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Timoney v. Loughery

United States District Court, E.D. Pennsylvania

December 19, 2014



HARVEY BARTLE, District Judge.

This action arises out of an ownership dispute over a residential property in Upper Gwynedd Township (the "Township"), Montgomery County. Plaintiff Joseph Timoney, Jr. ("plaintiff") has filed suit against the Township and one of its police officers, Edward Tartar ("Tartar") as well as three private individuals: William Loughery; his wife Jennifer Loughery; and Stephen Howard, a relative of the Lougherys and an attorney. Plaintiff also names ten "John Does" as defendants. In his First Amended Complaint, plaintiff asserts claims under 42 U.S.C. § 1983 for violation of the Fourth and Fourteenth Amendments to the United States Constitution[1] against all defendants. The First Amended Complaint also contains negligence claims against the Lougherys and Howard and an assault and battery claim against Howard. Before the court is the motion of the Township and Tartar to dismiss plaintiff's First Amended Complaint pursuant to Rule 12(b)(6) of the Federal Rule of Civil Procedure.


The facts set forth in the First Amended Complaint, taken in the light most favorable to plaintiff, are as follows. Plaintiff alleges that his property, a house located in North Wales, Pennsylvania, was sold at a Sheriff's sale without his knowledge in December 2013. Plaintiff states that he learned of the sale when he arrived at the house in January 2014 to discover a van parked in the driveway and defendants Stephen Howard and William Loughery standing in the garage with a locksmith.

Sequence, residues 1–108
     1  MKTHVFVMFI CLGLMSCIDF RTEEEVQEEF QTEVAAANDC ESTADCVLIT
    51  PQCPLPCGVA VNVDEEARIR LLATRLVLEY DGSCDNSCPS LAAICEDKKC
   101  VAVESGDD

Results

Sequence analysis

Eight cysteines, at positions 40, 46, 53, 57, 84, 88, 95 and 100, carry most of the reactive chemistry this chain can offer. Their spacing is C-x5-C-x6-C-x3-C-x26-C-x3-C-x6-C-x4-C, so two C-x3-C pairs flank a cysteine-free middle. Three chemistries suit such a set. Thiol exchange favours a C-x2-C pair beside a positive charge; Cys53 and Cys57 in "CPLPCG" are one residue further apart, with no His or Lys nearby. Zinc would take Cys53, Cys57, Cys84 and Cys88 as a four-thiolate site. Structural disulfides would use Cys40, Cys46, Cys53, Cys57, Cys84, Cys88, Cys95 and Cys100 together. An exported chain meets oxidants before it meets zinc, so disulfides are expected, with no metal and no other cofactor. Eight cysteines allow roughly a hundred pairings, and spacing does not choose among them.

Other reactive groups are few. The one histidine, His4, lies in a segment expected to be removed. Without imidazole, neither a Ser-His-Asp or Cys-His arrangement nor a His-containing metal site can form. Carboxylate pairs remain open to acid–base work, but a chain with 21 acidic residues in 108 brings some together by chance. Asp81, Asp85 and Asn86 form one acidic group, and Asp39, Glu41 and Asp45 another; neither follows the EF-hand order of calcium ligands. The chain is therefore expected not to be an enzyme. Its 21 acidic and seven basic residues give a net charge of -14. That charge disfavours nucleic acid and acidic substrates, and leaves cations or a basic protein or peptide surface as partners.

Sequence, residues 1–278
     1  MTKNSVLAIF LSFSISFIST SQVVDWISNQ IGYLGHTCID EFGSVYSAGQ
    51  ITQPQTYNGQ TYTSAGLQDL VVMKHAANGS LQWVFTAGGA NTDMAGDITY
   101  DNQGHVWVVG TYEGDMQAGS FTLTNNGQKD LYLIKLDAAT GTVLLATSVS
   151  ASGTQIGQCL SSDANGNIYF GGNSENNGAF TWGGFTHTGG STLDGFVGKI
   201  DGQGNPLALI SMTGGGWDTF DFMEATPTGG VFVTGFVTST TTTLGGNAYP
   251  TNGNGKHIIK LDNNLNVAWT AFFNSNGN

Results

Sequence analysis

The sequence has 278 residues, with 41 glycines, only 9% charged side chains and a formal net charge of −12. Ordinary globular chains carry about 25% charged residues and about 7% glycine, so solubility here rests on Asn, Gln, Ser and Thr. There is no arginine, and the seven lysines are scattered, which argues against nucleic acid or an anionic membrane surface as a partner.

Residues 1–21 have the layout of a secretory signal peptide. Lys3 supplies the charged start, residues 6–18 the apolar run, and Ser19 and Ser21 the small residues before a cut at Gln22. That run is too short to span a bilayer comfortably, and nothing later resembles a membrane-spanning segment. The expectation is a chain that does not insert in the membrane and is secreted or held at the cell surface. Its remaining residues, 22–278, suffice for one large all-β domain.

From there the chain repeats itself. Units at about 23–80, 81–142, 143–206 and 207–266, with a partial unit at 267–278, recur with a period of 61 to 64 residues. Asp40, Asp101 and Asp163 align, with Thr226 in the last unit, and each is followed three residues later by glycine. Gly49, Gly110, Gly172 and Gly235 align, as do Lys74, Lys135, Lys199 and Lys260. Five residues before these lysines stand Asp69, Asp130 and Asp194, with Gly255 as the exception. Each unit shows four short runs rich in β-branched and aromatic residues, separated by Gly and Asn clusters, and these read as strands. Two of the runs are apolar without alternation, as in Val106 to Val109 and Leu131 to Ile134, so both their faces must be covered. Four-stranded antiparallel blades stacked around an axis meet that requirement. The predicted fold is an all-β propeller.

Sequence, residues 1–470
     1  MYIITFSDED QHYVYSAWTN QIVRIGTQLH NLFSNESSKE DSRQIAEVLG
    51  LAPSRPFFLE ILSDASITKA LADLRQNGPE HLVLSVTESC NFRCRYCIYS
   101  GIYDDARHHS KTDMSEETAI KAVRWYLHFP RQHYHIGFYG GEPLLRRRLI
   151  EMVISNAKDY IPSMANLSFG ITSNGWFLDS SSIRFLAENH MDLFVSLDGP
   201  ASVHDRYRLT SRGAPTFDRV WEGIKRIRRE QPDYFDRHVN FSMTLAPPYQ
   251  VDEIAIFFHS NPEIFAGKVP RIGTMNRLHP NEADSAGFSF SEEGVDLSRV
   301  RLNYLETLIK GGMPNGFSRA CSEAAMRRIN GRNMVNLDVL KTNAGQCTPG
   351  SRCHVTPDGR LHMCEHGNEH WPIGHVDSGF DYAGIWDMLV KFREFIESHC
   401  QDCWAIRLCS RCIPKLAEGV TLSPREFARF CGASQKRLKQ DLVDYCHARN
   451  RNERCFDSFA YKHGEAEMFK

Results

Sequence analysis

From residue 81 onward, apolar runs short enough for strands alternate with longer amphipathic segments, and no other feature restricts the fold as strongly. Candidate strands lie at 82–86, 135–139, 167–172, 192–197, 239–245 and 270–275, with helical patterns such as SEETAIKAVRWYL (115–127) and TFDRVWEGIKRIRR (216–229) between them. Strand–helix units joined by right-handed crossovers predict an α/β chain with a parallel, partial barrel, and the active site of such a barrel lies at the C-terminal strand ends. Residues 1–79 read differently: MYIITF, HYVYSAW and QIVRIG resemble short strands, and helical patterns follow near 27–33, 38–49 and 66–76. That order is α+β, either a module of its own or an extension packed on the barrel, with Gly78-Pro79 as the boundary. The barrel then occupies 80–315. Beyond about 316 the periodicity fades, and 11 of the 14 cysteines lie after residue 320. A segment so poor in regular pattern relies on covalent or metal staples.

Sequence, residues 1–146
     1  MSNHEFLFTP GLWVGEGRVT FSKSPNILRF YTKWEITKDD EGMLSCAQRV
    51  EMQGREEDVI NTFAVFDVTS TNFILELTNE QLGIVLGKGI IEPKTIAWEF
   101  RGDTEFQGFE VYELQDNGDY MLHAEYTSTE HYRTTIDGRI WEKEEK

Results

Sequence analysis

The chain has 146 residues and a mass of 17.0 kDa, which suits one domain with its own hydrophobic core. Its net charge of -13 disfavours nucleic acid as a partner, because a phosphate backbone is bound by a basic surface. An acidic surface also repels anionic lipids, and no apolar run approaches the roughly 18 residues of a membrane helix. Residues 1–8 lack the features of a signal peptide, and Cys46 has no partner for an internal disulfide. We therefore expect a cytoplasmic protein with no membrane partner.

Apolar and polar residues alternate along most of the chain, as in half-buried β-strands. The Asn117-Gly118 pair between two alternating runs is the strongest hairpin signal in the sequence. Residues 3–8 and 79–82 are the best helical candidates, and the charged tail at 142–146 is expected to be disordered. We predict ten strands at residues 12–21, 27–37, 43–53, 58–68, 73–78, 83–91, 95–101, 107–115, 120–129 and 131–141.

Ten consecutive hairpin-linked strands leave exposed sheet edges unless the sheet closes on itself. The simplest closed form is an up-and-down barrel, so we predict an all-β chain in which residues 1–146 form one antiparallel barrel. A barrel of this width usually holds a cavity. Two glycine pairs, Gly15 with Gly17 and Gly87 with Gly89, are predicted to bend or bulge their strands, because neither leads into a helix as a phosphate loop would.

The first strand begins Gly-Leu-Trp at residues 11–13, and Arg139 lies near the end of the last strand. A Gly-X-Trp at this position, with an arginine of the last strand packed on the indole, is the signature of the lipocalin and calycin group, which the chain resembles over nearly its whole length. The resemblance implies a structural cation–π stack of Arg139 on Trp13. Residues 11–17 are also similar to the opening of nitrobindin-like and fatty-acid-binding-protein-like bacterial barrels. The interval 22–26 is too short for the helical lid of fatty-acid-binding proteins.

Plaintiff alleges that when he inquired about the presence of the three men in "his house, " Howard informed him: "It's not your house - we bought it at Sheriff's Sale." A confrontation ensued, prompting the locksmith to call the Township police. An unidentified police officer arrived shortly thereafter, [2] followed by Tartar. According to plaintiff, Tartar directed him not to enter the home, and the unidentified officer stated, "[y]ou don't own the home - [defendants] bought it at Sheriff's Sale." Plaintiff claims that he explained that he had received no notice of the sale but that the officers ignored him.